Anti-slavery New Englanders Face Civil War Losses
As the main character, Jenny Hutchins's grandfather insists: "There is nothing is so bad as civil war. Neither side wins. Both sides lose. No one will be forgiven. This war has brought changes that cannot be stopped."
"The Unforeseen" captures the experiences of a New England generation whose expectations the bloody, brutal consequences of Civil War battles deeply disrupt. Jenny Hutchins leaves home to seek independence and self-support, while her sister Betsey stays on the farm, marries an English immigrant, and has a family.
This novel will speak to women of all ages who move into new areas of work.
An excerpt from "The Unforeseen":
As the train approached the village station, Jenny began to feel that she had changed, but Beverly had not. She was now used to streets paved with granite, steam power in factories, and her own place of work. She easily made new acquaintances with her relatives and her shopmates in a big industrial city. She enjoyed living outside the scope of her family and Beverly and had been for the most part undaunted. Still, changed or not, she was very glad to be home.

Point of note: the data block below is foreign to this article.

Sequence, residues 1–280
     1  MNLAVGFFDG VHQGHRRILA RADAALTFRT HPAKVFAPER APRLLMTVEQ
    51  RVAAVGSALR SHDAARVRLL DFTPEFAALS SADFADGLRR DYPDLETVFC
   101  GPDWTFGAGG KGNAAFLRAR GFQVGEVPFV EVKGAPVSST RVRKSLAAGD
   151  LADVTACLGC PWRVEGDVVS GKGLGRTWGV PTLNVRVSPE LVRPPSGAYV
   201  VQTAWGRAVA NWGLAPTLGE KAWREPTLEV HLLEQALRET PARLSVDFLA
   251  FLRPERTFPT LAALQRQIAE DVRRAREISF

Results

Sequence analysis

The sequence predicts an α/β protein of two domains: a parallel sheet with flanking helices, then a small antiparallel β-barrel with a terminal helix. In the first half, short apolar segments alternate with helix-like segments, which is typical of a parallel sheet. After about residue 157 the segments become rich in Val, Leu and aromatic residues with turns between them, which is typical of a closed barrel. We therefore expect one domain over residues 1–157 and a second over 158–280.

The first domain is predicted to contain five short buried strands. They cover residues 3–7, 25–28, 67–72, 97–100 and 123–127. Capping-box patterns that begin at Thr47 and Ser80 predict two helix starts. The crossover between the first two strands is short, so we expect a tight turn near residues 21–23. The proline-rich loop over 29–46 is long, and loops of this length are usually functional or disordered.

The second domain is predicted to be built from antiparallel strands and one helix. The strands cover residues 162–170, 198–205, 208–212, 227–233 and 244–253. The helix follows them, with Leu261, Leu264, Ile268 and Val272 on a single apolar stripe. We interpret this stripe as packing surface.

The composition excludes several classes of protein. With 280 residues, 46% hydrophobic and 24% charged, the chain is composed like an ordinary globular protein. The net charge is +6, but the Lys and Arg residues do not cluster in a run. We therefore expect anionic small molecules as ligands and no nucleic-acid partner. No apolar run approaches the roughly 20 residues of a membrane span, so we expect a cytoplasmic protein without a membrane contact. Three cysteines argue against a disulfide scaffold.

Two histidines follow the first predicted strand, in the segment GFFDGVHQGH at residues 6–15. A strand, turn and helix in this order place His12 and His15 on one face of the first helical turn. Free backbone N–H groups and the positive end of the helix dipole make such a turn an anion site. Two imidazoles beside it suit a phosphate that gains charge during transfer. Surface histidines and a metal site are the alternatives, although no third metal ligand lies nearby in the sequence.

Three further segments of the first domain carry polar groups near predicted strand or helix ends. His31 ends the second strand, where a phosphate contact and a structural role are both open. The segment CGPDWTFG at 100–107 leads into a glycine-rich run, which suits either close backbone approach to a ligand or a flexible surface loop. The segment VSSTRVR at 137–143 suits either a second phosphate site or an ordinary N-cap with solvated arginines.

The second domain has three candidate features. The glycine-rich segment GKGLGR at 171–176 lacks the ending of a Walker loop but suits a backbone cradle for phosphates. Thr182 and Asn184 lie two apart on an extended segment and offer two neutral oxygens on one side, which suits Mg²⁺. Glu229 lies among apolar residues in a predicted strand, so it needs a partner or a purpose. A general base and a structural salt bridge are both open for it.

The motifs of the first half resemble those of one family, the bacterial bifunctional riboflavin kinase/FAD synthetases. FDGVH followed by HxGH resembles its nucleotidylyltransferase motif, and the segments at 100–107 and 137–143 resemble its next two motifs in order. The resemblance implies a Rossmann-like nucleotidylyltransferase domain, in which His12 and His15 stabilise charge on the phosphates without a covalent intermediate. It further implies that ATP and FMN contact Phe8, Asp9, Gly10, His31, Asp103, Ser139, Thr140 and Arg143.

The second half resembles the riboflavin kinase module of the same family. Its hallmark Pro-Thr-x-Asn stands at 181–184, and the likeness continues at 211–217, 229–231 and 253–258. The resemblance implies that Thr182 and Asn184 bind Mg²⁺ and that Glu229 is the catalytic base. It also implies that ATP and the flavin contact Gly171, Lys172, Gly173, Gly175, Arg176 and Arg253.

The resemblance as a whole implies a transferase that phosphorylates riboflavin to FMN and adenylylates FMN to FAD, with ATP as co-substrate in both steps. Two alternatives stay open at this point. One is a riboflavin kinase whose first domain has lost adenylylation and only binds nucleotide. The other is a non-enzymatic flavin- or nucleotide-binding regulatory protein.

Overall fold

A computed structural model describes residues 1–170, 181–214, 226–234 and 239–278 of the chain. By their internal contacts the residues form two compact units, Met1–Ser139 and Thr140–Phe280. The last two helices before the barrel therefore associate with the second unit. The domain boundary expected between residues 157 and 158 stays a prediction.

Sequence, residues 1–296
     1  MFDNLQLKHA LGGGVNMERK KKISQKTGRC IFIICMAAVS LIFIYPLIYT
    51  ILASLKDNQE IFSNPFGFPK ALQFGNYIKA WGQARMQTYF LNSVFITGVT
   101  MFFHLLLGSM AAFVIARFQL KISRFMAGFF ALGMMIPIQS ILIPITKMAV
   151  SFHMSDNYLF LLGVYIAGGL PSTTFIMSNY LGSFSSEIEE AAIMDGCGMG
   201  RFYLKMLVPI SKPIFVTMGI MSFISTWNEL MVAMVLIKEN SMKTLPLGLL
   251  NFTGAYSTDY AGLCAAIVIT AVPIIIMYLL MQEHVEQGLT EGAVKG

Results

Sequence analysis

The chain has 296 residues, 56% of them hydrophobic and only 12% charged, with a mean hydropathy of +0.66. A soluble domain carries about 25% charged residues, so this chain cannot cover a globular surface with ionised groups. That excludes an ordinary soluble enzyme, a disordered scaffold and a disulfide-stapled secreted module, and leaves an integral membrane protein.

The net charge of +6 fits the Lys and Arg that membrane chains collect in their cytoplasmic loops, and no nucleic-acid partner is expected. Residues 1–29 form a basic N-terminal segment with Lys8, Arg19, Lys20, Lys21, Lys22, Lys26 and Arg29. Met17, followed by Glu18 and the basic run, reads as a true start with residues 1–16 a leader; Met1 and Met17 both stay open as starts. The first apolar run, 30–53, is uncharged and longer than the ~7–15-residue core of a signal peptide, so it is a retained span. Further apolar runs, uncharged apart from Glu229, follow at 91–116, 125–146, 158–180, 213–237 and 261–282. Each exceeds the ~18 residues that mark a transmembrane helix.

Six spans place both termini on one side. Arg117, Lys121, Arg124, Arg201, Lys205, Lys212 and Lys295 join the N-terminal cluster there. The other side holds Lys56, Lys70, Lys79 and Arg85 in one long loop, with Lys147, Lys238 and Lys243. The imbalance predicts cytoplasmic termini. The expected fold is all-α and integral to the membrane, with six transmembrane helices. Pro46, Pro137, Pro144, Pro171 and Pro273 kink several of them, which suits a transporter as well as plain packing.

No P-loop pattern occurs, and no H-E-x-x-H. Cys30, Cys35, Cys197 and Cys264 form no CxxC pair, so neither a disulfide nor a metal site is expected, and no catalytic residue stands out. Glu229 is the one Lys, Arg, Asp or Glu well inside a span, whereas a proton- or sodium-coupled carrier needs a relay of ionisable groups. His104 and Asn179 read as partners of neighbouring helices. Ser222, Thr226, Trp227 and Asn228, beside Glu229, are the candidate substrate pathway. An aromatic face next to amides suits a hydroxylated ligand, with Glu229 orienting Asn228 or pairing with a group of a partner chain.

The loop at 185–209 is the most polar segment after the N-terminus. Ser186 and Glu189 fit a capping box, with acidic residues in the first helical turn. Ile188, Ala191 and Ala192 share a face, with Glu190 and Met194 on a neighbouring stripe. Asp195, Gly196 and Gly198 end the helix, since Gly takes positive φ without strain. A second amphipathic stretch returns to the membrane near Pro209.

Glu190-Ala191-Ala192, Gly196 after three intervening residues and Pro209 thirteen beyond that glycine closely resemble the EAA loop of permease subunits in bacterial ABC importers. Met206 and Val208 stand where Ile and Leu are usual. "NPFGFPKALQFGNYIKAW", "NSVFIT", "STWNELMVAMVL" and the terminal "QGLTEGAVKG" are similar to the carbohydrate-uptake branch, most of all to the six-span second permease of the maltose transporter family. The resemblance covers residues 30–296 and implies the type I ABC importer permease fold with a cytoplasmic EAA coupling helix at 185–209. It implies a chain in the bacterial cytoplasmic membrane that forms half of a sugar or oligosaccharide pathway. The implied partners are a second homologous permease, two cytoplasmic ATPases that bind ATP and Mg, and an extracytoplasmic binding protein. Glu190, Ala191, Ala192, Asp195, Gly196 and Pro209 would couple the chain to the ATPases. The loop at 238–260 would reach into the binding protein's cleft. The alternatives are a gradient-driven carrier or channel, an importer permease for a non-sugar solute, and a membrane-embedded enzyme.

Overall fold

On arrival in Beverly that afternoon, Jenny saw Betsey and Gilbert waiting for her in the pony cart at the station. One look at Betsey's waist confirmed that she was indeed pregnant. Jenny felt a stab of jealousy, as sharp and burning as a hornet's sting. She ducked her head to hide her feelings as best she could.
By Mary Blewett
Hardcover | 5.5x8.5 in | 384 pages | ISBN 9781480854925
Softcover | 5.5x8.5 in | 384 pages | ISBN 9781480854949
E-Book | 384 pages | ISBN 9781480854932
Available at Amazon and Barnes & Noble
About the Author
After years of living, working and writing in industrial Lowell, historian Mary Blewett presents "The Unforeseen" as an exploration of human feelings and experiences unknown to the archives. This novel, based on her prize-winning study of the New England shoe industry, "Men, Women, and Work" (1988), celebrates the resiliency of the human spirit.